## Wednesday, May 19, 2010

Proposition – If the water lily is ten inches above the water, and disappears under the surface at a point distant twenty-one inches, what is the depth of the lake?

The poet Longfellow was a fine mathematician who often spoke about the advantage of clothing our mathematical problems in such attractive or congenial garb as would appeal to the fancy of the student in place of following the dry, technical language of the textbooks. He would connect the proposition with some familiar subject which best explains the problems to be solved.

A clever kindergarten illustration of a mathematical theorem leaves a clearer and more lasting impression upon the mind of a student than a whole term of uncongenial study.

He always held mathematics to be the most important branch of knowledge taught in our colleges and high schools, for the reason that it enters so largely into all of the arts and sciences, and yet the average student graduates with such an undying aversion to figures that he speedily dismisses all recollections of them from his mind.

The water lily problem is one of several introduced in Longfellow's "Kavanah", written while occupying the Chair of Modern Languages in Harvard University, 1849. It is so simple that anyone, even without a knowledge of mathematics or geometry, could solve it with a pair of compasses or rule, and yet it illustrates an important geometrical truth in a never-to-be-forgotten way, which many graduates have never grasped at all.

I forget the exact language of the problem, as he described it to me personally during a discussion of the subject, but he told of a water lily growing in a lake; the flower was one span above the surface of the water, and when swayed by the breeze, would touch the surface at a distance of two cubits, from which data it was desired to compute the depth of the lake.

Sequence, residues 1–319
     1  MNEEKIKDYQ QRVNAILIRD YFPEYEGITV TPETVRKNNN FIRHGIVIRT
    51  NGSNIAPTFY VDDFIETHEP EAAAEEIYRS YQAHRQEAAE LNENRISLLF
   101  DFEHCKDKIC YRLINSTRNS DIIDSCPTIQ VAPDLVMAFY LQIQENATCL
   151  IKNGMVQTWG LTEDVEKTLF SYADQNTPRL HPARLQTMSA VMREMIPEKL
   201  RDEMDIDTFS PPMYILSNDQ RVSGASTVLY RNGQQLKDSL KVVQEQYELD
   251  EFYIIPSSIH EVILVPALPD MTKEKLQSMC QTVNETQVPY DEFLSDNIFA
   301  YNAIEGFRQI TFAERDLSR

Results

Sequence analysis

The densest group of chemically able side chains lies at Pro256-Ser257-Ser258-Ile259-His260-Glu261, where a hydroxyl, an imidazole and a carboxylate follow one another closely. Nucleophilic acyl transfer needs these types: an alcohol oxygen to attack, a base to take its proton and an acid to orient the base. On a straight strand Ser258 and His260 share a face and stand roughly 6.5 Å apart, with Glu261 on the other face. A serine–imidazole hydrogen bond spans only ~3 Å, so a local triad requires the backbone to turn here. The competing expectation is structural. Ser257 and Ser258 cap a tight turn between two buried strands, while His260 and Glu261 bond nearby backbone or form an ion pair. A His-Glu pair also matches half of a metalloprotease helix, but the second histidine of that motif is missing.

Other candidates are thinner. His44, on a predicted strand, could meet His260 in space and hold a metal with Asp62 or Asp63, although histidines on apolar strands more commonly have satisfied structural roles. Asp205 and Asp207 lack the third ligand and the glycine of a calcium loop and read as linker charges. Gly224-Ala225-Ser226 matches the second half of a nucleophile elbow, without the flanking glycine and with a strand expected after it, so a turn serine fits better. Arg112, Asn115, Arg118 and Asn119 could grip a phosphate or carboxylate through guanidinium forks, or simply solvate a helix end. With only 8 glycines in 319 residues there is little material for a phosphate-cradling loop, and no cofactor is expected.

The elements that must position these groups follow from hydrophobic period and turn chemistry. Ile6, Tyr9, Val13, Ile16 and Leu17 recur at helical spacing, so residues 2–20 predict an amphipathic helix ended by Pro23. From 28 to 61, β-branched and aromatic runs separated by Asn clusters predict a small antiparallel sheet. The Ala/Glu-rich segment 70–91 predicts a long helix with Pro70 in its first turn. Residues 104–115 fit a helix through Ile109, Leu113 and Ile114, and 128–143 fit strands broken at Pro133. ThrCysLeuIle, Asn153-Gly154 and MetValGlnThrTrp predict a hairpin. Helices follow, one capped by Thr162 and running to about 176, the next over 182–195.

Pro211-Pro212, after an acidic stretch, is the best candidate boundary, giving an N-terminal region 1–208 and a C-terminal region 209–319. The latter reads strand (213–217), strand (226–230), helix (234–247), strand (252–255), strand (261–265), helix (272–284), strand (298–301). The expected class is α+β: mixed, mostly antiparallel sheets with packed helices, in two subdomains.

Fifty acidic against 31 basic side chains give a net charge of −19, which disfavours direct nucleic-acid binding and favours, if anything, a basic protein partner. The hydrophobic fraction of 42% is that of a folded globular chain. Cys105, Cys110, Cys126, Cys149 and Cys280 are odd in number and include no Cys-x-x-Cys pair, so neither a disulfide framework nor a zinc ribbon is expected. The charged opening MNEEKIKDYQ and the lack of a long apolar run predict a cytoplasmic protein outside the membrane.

Now, let us suppose, as shown in the sketch, that the water lily is ten inches above the surface of the water, and that if it were pulled over to one side it would disappear under the surface at a point distant twenty-one inches from where it now stands, say just where the young lady is supposed to have drawn it, which shows that the two flowers are anchored to the same root at the bottom of the lake, what is the depth of the water?

Sam Loyd
"Cyclopedia of Puzzles", Lamb Publishing, New York, 1914

I solved it, and was really bothered by how small the answer was. Is the boat rubbing bottom?

Jonathan

2. product of parts of two intersecting chords are equal.
21² = 10*x
x=44.1

dia = 54.1; so r = 27.05
depth = 17.05

Pretty shallow, but the grasses and reeds seen in the picture give credence to that answer.

3. Sure, if there's interest.

4. Sloppy of me. Pythagorean answer:

depth squared + 21 squared = (depth + 10) squared.

I did an extra step (of course, same answer, 20d = 441 - 100).

I still can't see taking even a small flat-bottomed boat out on a pond that shallow.

Jonathan